Romanian Easter food
The vast majority of Christians in Romania are Orthodox and as a result, they celebrate Easter following the Orthodox (Julian) calendar which is typically around two weeks later than the Gregorian calendar date.
In terms of food, you will pretty much always find lamb in some form on the menu. It's not popular at other times of year, but many closely associate it with Easter. Chops or a stew are a common main, and drob, a kind of meatloaf or haggis-like dish made from lamb organs is also a popular appetizer.
Along with cozonac, paska, a cheese-filled bread (almost like cheesecake) is a popular dessert.
Cozonac is a delicious sweet bread that is also steeped in history and traditions. This version with a gently lemon-scented dough and nutty filling is both pretty and flavorful, and perfect for so many occasions.
It's great with morning coffee, or simply as a snack. And the pretty pattern makes it ideal to serve guests, too. So many reasons to give it a try.
Try these other sweet breads/pastries:
- Pan de mallorca (Puerto Rican sweet rolls)
- Swedish cardamom buns
- Panettone (often a Christmas bread, but also enjoyed other times)
- Plus get more bread recipes in the archives.
- ½ cup milk
- ⅓ cup sugar
- 1 tablespoon lemon zest
- ⅓ cup unsalted butter
- 2 ½ cups all purpose flour plain flour
- ½ tablespoon dried instant yeast
- ¼ teaspoon salt
- 2 egg yolks
- 1 teaspoon vanilla extract
For the filling
- ¾ cup walnut pieces (¾ cup is approx 3oz)
- 1 tablespoon unsweetened cocoa powder
- 1 ½ tablespoon sugar
- 2 egg whites
- 1 egg will not use all
- 1 teaspoon raw sugar approx
- Warm the milk, sugar and lemon zest in a small pan over a medium heat until the sugar is dissolved. Remove from the heat and add the butter, in small pieces. Stir to melt the butter in the heat of the liquid. Allow to cool until lukewarm.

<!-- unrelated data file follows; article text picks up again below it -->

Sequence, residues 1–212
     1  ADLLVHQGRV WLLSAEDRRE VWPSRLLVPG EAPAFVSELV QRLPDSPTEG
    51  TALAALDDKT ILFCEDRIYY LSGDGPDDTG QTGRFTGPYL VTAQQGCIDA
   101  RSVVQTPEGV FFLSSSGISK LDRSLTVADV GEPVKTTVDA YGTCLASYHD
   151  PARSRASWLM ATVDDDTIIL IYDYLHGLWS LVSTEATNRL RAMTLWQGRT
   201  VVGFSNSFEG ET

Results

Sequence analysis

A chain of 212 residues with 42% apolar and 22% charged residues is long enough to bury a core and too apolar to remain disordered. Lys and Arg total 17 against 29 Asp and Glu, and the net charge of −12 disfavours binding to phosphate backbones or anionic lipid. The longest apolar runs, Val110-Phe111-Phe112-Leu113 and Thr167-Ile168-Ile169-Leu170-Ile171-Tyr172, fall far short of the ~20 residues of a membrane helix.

- Meanwhile, add the yeast and salt to the flour and mix through. Separate the eggs and chill the whites until needed later.
- Once the milk mixture has cooled, add the flour mixture, egg yolks and vanilla. Mix to bring the dough together then knead the dough a few minutes - you can either mix then knead a couple minutes with a stand mixture or mix by hand and knead on a lightly floured surface around five minutes. Bring the dough together in a ball.
- Lightly oil a bowl and add the dough then cover with a cloth or plastic wrap. Allow to rise at a warm room temperature for around an hour, until doubled in size.
- Towards the end of the rising time, blend the walnuts, sugar and cocoa powder together in a food processor to form a coarse powder. Separately, beat the egg whites until they form stiff peaks then fold in the nut mixture. Chill until needed.
- Once the dough has risen, remove from bowl and divide into two pieces. Take one of the pieces of dough, gently knock it back to reduce in size a little then roll it into a square/rectangle roughly 11 inches (28cm) square, or slightly longer in one direction.
- Take half of the nut filling mixture and spread it over the flattened dough, leaving around ½ in (1cm) without the filling around the edges. Roll up into a log (as you would a cinnamon roll - you can roll either long or short edge, as you prefer, if you made it more rectangle-shaped). Don't make the roll too tight as you want to allow a bit of space for it to expand. Repeat with the other piece of dough and filling.
- Grease a loaf pan/tin with butter - I used a 9x5in (23x13cm) loaf pan/tin but 8 ½ x 4 ½in/ 21x11cm also works. Then, take the two rolls of dough and twist them together all the way down. Carefully place the twist in the loaf tin, tucking the ends in slightly if needed. Cover with a damp cloth and leave to rise, roughly an hour again, until it has almost doubled (it may not fill out the tin but that is fine, it will expand more on baking).
- When ready to bake, preheat the oven to 350F/180C. Brush the top of the loaf with lightly beaten egg then sprinkle over some raw sugar. Bake the loaf in the middle-bottom of the preheated oven for approximately 35-45 minutes until it is golden brown on top and cooked through. Allow to cool slightly before removing from the pan to cool completely.
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I first shared this cozonac recipe on Curious Cuisiniere where I am a contributor.